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In Photoshop CS5: Landscape Photography, Ben Long outlines a full, shooting-to-output workflow geared specifically toward the needs of landscape photographers, with a special emphasis on composition, exposure enhancement, and retouching. This course also covers converting to black and white, using high-dynamic range (HDR) imaging techniques to capture an image that’s closer to what your eye sees, and preparing images for large-format printing. Learn to bring back the impact of the original scene with some simple post-processing in Photoshop. Exercise files are included with the course.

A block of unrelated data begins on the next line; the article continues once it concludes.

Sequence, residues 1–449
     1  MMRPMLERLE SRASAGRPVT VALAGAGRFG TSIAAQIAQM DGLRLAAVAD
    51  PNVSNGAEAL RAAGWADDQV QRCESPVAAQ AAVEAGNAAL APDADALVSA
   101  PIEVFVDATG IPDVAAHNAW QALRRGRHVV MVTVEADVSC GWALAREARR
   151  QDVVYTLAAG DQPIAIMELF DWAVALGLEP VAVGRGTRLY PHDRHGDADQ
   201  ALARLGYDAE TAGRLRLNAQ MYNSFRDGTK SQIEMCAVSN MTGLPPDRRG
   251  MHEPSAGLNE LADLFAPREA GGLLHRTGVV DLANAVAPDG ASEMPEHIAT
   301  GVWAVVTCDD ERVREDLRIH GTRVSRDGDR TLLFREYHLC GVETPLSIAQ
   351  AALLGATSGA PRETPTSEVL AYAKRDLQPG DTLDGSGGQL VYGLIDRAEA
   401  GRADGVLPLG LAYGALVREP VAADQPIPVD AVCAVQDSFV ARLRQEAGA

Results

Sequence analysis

As a landscape shooter there will be times when you encounter scenes that really require you to work them. You've got to dig to find the composition. You know there's something interesting there, but you're not sure exactly what it is, and how you're going to get it. This is in one of those times. If you look real close, you might notice the grand sweeping vista that lies before us. We want to capture this vista. Unfortunately, it's so grand and sweeping that it won't fit into a single frame. Fortunately, we have a trick up our sleeve that can help us deal with this situation.